precedents that apply solely to public limited companies. It is important to bear in mind that this is not a legal textbook or professional advisor. Nevertheless, the authors do advise on when the precedents are applicable and the various precise statutory timescales. Dip into, say, page 170 and there are precedents on the delicate issue of financial assistance by a private company for the acquisition of its own shares. The explanatory introduction starts with the obvious point that there is a strict prohibition on a company providing any financial help for the purchase of their own shares. The section 60 procedure is explained clearly and well and the precedents are listed on page 172 and are provided in the following

pages. But there is a health warning – ‘great care should be taken to ensure that any proposed transaction falls within the exemptions’. The book’s chapters start with explanations on, and the forms required in, incorporation of a company. The authors then go through the various secretarial and procedural requirements and the forms and time deadlines that apply across a wide range of issues. These include alterations to the memorandum or articles of association, share allotments, increases in share capital borrowing and debentures, annual returns, dividends, directors and their appointment, dismissal, re-election and so forth, meeting of shareholders and then winding-up and dissolution of a company.

This third edition is more important than ever. This is because its precedents, minutes and drafts of forms take into account the important changes introduced by the Companies (Amendment) (No 2) Act, 1999 and the Company Law Enforcement Act, 2001. Of course, the 2001 act established the Office of the Director of Corporate Enforcement, which has extensive and intensive powers to enforce company law, including criminal sanctions. If you do company law, you should have this book – and the CD-ROM that comes with it. As American Express might say, don’t draft a precedent without it. G Pat Igoe is principal of the Dublin law firm Patrick Igoe & Co.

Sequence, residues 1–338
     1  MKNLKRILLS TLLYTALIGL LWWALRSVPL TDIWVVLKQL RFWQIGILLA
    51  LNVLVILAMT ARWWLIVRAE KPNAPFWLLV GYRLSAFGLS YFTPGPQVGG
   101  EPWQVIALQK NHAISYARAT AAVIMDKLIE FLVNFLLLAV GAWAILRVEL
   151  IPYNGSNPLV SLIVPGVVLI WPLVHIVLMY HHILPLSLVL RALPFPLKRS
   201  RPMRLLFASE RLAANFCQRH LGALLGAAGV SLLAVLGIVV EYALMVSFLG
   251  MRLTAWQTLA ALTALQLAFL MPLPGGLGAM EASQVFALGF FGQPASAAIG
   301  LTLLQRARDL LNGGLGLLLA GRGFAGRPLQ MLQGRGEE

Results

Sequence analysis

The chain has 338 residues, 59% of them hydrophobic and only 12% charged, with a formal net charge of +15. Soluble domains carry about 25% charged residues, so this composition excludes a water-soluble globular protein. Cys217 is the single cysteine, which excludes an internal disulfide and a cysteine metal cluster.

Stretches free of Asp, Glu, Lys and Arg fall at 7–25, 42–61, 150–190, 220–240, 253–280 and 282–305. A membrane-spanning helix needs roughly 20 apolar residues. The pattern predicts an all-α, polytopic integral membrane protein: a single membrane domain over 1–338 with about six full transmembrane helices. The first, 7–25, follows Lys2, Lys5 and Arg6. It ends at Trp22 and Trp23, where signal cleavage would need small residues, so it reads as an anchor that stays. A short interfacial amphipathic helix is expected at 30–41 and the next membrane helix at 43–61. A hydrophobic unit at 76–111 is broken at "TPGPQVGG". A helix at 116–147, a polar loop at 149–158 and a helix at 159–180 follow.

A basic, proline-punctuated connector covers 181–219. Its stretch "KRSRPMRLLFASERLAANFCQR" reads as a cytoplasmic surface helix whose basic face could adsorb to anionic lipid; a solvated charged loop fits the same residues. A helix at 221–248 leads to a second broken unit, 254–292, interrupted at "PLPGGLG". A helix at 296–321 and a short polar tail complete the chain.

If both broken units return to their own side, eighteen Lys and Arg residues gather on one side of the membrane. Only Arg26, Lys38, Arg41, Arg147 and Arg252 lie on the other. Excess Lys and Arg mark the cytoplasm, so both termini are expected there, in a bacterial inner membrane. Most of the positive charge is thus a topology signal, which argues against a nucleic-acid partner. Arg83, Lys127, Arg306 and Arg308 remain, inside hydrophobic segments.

Sanctuary in Ireland: perspectives on asylum law and policy Ursula Fraser and Colin Harvey (eds). Institute of Public Administration (2004), 57-61 Lansdowne Road, Ballsbridge, Dublin 4. ISBN: 1-904541-046. Price: €35. rish asylum law and policy has moved from an international law study of little interest to the majority to a hotly-debated, fastmoving political and legal topic in Ireland. Asylum law is based in international human rights law. It is applied by each state individually but, in particular in the European Union, states take many decisions collectively. This book of essays by distinguished authorities in their field is a measured and reflective look at several aspects of Irish law and practice. The book sets out the framework in which asylum law operates. Colin Harvey explains the international law context, supplemented by Suzanne Egan’s essay on the European Court of Human Rights. The Irish legal framework is set out by Ursula Fraser and is complemented by Peter O’Mahony’s article on the